The wave of bankruptcies among German companies eased somewhat in November. The number of regular insolvencies filed at the local courts rose by 18.8 percent compared to the same month last year, as reported by the Federal Statistical Office.

But that was almost four percentage points less than in October with an increase of 22.4 percent. The growth rates have been in double digits since June.

In recent years, many companies have been saved from insolvency with government aid due to Corona and the energy crisis. Experts therefore see the current increase as more of a normalization. The current figures are also significantly below the index value of the statistics from 2015. The procedures are only included in the statistics after the first decision of the insolvency court. In many cases, the actual date of the insolvency application was almost three months earlier.

The German Chamber of Commerce and Industry warned that the slower increase is no reason to give the all-clear. “High costs for energy, interest rates, but also for labor combined with weak demand and a shortage of skilled workers are bringing more and more companies into financial difficulties,” said medium-sized business expert Marc Evers.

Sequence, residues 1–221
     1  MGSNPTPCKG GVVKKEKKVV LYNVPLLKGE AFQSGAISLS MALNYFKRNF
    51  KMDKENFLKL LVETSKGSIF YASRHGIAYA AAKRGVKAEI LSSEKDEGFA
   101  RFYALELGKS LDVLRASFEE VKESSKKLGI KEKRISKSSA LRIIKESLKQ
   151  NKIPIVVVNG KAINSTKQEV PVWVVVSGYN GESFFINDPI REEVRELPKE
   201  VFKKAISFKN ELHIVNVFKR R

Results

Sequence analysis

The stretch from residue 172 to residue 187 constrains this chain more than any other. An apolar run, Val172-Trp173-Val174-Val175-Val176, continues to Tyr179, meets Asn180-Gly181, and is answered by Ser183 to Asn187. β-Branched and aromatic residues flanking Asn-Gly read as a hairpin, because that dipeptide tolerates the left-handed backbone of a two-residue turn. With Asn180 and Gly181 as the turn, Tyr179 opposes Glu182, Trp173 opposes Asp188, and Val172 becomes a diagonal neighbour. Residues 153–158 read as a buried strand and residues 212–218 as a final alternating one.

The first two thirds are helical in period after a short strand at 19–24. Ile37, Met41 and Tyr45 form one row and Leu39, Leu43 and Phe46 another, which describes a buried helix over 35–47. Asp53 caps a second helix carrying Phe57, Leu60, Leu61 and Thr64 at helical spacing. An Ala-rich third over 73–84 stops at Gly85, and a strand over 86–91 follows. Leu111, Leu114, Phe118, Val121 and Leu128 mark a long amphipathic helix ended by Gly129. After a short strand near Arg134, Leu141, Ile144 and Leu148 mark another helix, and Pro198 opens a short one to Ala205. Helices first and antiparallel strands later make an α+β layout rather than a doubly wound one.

Real estate sector particularly affected

The professional association of insolvency administrators (VID) sees the real estate industry in particular as undergoing a fundamental transformation process. “The Signa case clearly shows that there were many companies that invested in the real estate segment during the low interest rate phase. As long as the interest rate was low, the business model was successful. Since mid-2022, however, we have seen interest rate increases and a consistent correction of prices and valuations.” said VID chairman Christoph Niering. But no disruptive wave of insolvencies is expected.

The Federal Office presented final figures for the first three quarters of this year. Accordingly, the district courts reported 13,270 filed corporate insolvencies in the nine months. That was 24.7 percent more than a year before. The creditors are demanding 21.1 billion euros in the proceedings, compared to 10.8 billion euros in the same period last year.